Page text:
King-Cat Comix and Stories #76
Written and Drawn by John Porcellino
Published by Spit and a Half
The best autobiographical comics are the ones that reveal the creators not through the events that the comic recalls but through the ways that the creator puts those events together on the page. John Porcellino’s comics look simple; at a first surface glance, there’s not a lot there in his drawings. But King-Cat Comix and Stories #76 demonstrates that as Porcellino has been doing his comics for over 20 years, the simplicity of his drawings creates an easy way into seeing the complexity of life as Porcellino experiences it. In his opening essay “Sinnissippi Days,” Porcellino calls his latest issue of King-Cat Comix “... a weird one.” And for as weird as it may be, Porcellino remains open and honest about his life, creating “weird” comics that tell us more about the cartoonist than any straightforward autobiography ever could.
In many ways, Porcellino’s comics are traditional autobiography comics. He recounts dreams that he had, time spent waiting for a car to be repaired, memories of an old, freezing apartment and signs of the changing seasons. It’s all the stuff of so many cheesy and self-obsessed autobio comics. But instead of getting trapped in an endless cycle of recounting a days’ events, Porcellino’s comics in King-Cat Comix #76 offers insights into the everyday things that Porcellino think are important. He’s not chronicling what he had for lunch or retelling every encounter he’s had trying to raise his own importance in the everyday. In fact, his drawings and the immediate nature of it reduces his stories to a simple emotional level that really opens up his storytelling on a universal level.
It’s this universal experience portrayed through specific events that make Porcellino’s comics unique. The ways that he observes the moment when how a dream leads to a memory that’s a decade old or the emotions that seeing an old lady and a man stir up in him strike a chord that’s resonant as part of the human experience. But it’s also in the way that he observes nature that shows how Porcellino makes something specific into something broad and understandable. A one-page joke is a review of radishes (“weird and earthy”) but another one-page cartoon is a drawing of bird tracks in the snow. Both of these comics are the right amount of weird as he called out in the opening essay but also perfectly at home thanks to the observational characteristic of Porcellino’s stories.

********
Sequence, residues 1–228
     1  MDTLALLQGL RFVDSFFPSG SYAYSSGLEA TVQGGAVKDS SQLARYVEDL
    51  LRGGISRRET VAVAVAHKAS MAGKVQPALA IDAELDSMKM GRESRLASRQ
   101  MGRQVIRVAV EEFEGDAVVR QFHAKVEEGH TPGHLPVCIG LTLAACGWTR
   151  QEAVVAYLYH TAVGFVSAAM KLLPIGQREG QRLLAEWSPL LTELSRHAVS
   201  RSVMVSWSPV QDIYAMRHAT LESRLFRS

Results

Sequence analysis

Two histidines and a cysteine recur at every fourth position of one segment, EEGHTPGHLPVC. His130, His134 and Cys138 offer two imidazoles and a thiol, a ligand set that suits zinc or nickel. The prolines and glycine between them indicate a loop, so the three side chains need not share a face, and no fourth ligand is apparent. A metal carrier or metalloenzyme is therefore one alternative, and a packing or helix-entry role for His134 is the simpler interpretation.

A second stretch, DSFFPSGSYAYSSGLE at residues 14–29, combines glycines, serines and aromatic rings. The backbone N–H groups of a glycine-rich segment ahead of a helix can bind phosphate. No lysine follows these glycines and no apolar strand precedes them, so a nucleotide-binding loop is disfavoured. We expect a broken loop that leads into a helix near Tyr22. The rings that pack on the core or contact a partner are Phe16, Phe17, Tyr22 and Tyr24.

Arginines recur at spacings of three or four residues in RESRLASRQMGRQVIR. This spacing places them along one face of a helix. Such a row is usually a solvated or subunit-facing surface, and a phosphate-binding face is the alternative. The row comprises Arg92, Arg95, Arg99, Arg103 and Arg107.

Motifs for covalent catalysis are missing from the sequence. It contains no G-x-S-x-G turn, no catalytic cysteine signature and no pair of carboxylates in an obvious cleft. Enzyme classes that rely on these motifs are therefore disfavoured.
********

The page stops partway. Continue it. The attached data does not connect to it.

Adding to the general tone of the comic is the conversational nature of it, from Porcellino’s stories to a listicle of stuff he’s currently digging to the letter column that’s just letter writers stopping by to say “hi” and offer up some Porcellino-like observation from their own life. The friendly nature that Porcellino cultivates in this comic stretches out through all of the aspects of it. While there’s undoubtedly a lot of work that goes into making a comic like King-Cat Comix #76 (thanks to Porcellino notating when things happened and when he drew them, you can see that the origin of some of these comics go back a couple of years,) the lo-fi approach to storytelling and production makes it feel like Porcellino could have rattled these stories off the top of his head like any good and practiced raconteur.